One of the problems in an exploration game is content. We’d all like to put together a campaign world with content jam packed into every nook and cranny, but there are some problems with that. First and foremost is our time constraints. Not only would it take forever to create so much content, but a lot of that effort would be wasted as entire swaths of our setting never got explored closely enough to dig out most of the material. Here is one potential solution to this issue: the mini dungeon as a random encounter.

The concept is simple. You put a dungeon on your random encounter list, when that result is rolled, the players discover a dungeon. From now on, that dungeon is in the world and is a permanent fixture. It’s safe to assume that the players will ransack it once and never come back, but that’s not a big deal because it takes only a few seconds to throw it together, mark it on the map and toss off a few lines in your notes for posterity. In this way you can have a world with dungeons secreted away under ancient trees, in the cellars of fallen houses, and carved out by streams, giving the feel of a deep world with lots of time spent on tiny detail, all with almost no additional prep time.

Here’s why it’s so fast: In an earlier article I noted that the 5 room dungeon has only 9 forms. Several astute readers pointed out that by abstracting away the entrance, there were really only three forms: a straight line, a cross, and a “y”. The article goes on to give ways to differentiate these simple dungeons from one another, but they all boil down to the same few layouts. The same thing can be said of dungeons with other numbers of rooms. There is really only one form each for the one, two, and three room dungeons, and there are only two forms of the four room dungeon, a straight line and a “y”. Just pick (or heck just roll a d8 if you like) one of these, maybe apply a tweak or two from the previous article, and your layout is done quick and easy.
8 forms of 1-5 room dungeon

Next you’ll want to apply a little flavor. Since these are all small dungeons, it’s fine for the flavor to be uniform throughout, though if you want to make a ruined cellar that breaks into a natural cave or an old fort with a forested courtyard you’re more than welcome to. Chances are because you know where the players currently are, you know what flavors would be appropriate off the top of your head, though if you don’t want to be put on the spot, you can make up a brief “flavor table” for an area when you put a dungeon on their encounter table. Also give a quick thought to visibility. If the players have been through an area repeatedly and visibility is good, dropping down a highly visible dungeon like an abandoned keep will probably elicit a few questions so you will likely want to stick to a sinkhole or other low profile choice. On the other hand if it’s the player’s first time to an area or it’s hard to see at a distance (heavy forest, hills, etc…) there’s nothing wrong with using a wizard’s tower or other highly visible site. What flavor you choose can also help hammer home the history and particulars of your setting. If dwarves used to live in the hills but were wiped out by orc tribes, you have the perfect opportunity to showpiece that with a dusty dwarven ruin.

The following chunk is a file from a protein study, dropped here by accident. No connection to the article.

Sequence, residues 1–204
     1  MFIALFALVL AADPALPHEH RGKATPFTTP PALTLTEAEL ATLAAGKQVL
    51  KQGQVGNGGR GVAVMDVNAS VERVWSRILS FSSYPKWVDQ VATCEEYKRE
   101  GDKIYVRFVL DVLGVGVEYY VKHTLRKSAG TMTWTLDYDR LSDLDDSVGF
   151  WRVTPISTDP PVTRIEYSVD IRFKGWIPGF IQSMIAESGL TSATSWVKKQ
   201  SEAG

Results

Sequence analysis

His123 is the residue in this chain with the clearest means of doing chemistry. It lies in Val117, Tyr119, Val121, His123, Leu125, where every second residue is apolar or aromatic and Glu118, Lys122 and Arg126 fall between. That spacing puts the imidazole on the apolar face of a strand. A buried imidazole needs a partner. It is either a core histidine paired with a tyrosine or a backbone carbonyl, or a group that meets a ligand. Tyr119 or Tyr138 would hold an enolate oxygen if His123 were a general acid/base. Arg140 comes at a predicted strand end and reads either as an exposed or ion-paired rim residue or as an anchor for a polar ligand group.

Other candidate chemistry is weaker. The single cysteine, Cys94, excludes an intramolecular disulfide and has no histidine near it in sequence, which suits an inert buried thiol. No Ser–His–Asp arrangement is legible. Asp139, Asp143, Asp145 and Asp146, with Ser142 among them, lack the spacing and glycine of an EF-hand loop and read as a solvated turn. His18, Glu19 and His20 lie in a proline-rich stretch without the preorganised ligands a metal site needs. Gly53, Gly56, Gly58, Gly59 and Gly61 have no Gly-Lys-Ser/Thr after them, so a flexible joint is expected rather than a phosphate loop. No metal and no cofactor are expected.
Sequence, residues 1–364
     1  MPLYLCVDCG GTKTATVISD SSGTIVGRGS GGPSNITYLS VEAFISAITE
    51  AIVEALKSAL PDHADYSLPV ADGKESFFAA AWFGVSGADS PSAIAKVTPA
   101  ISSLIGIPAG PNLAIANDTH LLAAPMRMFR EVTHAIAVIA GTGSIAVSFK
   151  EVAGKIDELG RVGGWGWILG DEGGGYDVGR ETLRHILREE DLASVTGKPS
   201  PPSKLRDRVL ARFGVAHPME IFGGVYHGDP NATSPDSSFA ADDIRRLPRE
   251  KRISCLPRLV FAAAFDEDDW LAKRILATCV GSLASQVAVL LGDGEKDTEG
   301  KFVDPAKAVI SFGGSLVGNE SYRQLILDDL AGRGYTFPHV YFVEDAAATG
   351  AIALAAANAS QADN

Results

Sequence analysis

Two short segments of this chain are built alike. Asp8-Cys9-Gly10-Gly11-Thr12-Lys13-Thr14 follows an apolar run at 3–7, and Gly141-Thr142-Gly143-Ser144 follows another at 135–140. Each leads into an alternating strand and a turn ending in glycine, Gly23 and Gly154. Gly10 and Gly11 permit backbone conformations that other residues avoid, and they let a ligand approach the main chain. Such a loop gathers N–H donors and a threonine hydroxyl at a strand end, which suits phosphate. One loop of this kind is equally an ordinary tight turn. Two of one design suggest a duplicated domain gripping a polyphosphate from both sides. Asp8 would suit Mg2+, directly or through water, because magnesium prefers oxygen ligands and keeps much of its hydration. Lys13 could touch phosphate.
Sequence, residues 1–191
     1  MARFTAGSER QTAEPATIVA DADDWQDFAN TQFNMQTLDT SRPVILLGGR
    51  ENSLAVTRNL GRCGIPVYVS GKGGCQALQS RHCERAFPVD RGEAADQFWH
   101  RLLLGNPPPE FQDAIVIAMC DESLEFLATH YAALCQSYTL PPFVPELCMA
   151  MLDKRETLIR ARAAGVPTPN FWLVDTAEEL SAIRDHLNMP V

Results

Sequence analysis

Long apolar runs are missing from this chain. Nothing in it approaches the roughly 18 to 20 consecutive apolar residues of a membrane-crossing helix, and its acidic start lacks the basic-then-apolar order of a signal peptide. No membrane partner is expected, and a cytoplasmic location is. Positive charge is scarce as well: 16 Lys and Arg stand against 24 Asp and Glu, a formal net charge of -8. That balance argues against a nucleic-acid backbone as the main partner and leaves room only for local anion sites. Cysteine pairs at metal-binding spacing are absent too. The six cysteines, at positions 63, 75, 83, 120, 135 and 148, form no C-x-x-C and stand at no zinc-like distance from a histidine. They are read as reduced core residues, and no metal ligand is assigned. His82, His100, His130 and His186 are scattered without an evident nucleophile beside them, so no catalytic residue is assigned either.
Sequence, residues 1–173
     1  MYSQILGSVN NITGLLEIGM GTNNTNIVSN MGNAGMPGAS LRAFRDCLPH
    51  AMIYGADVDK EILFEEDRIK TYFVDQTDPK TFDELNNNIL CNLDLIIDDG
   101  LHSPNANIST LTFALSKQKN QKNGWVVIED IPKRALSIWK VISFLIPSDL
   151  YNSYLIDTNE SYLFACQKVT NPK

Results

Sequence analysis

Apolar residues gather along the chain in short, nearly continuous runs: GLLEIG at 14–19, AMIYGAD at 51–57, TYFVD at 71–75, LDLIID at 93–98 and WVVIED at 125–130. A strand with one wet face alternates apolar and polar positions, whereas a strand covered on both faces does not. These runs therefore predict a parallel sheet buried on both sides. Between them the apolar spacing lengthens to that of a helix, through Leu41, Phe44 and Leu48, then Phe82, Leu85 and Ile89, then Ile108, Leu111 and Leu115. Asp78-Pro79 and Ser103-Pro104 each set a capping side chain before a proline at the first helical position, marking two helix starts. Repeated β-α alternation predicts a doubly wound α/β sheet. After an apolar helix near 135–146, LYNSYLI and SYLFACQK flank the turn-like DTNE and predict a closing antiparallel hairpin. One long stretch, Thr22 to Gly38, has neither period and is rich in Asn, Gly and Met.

Finally, it’s time to stock the dungeon with traps, hazards or monsters. This is super easy. You earlier rolled on a random encounter table. Roll on it again and place that encounter in one of the rooms. Don’t feel like every room has to be filled. This isn’t a large place and it isn’t hotly contested unless you want it to be, so putting encounters in half the rooms is fine. Once you roll, if you need more encounters, either duplicate the same one, tweaking it a bit, or choose a compatible one from your list. Of course a mini dungeon is also a perfect lair for one of the tougher solo encounters from your list as well. Don’t worry too much either about dropping a tough encounter or several encounters where you would have otherwise rolled for one. There is the expectation that the danger is ramping up a little when entering a dungeon and the players can always choose to pass up the danger by walking past.

All of this takes less than a minute and, if you have that “flavor table” can actually be handled with the toss of a set of three dice. These dungeons are simple quick throwaways but they add a little extra adventure to overland travel and exploration and make your campaign world “denser” than it would otherwise be.